I came across Humans of New York several years ago. Then, it was a Facebook fan page with some photos, and maybe 30,000 fans. I think the main reason I looked at it was that another page with the word ‘humans’ in the title got me curious. However within 20 seconds of browsing the Humans of New York (HONY) page I was hooked. The concept was simple: one man, Brandon Stanton, was walking around New York, taking photos of individuals he met walking the streets and posting them to this Facebook page. But it wasn’t just the photos that people were looking at. It was the captions and stories attached to them: Fastforward to today and Humans of New York has grown from a one-man page to a #1 New York Times bestselling photography book (it sold so well there were multiple-week waiting lists to get hold of a copy for over a month after it launched). HONY has also become a Facebook phenomenon, with over 4 million fans (I’d guess that half of people reading this post today have already liked the HONY page). Funny, poignant, unexpected, smart and chock full of human connection with a great photo to boot: what’s not to like? Well, turns out that New York’s publishers found quite a lot not to like. Before all this happened, Brandon pitched to ‘just about every publisher in town’, got rejected multiple times, being told the photography book he had in mind would never be published. So what did he do to get from (yet another) unknown guy with a camera to one of the best known photography book authors of the moment? The answers to that question why I’m sharing this post with you today. Here’s my take on what made HONY take off among the thousands of photo-blogging ideas out there.
7 lessons anyone with a small idea can learn from HONY’s rise
1. Start before you’re ready.
Brandon took his first photos when on his way to work in Chicago in 2009. At first he took photos of “anything” on the streets, but soon realised that his photos of people were what he enjoyed most and got the best response, so he decided to specialise. His first New York photos came after he lost his job in finance in 2010. Thinking “it would be really cool to create an exhaustive catalogue of New York City’s inhabitants,” his aim was to photograph 10,000 New Yorkers and plot their photos on a map. This project soon became something else.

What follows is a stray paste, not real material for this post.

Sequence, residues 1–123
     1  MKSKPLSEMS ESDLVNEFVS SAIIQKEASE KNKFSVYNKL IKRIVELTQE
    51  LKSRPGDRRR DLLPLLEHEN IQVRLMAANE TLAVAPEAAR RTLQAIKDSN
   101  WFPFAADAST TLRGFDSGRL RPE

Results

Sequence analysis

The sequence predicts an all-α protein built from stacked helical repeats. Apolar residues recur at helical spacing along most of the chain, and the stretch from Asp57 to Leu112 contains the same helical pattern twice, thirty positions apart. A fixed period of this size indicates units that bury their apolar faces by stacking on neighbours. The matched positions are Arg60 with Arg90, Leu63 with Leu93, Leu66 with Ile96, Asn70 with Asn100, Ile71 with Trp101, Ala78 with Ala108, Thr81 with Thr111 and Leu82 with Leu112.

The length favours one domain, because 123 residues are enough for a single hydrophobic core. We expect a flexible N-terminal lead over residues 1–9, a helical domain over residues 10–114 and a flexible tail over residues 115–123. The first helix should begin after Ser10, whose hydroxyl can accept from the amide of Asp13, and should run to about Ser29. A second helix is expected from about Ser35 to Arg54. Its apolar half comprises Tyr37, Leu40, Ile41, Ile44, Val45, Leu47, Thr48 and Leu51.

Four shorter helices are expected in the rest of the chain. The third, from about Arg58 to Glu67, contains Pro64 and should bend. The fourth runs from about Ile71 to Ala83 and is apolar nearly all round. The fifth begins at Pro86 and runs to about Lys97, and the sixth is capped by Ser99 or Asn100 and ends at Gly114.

2. Let things evolve.
As Brandon said in an interview with New York Metro, “Humans of New York was really an evolution. It wasn’t a fully formed idea that I thought of and executed”. You see the 10,000 people project sounded interesting enough… but for the first year, not many people noticed this self-taught photographer’s posts. Plus he was new in the city and didn’t know anyone – conditions that would have led many people to give up. But Brandon didn’t – and something unexpected happened. “Somewhere along the way HONY began to take on a much different character. I started collecting quotes and short stories from the people I met, and began including these snippets alongside the photographs”. Turns out, this changed everything. As Brandon noticed his captions were getting as much interest as the pictures themselves, he shifted to focus his efforts on the interviews, seeking to get better at the questions and picking the answers to share. This approach of listen-and-evolve is key to the Humans of New York story. The success of HONY has been down to ” a constant process of ditching what’s not working, and doubling down on what’s working,” Brandon said in a Reddit AMA. “Prime example: I noticed that social media was where my growth was. So I removed my ‘free-standing’ website, and began hosting 100 percent of my content on social media.”
3. Follow your flow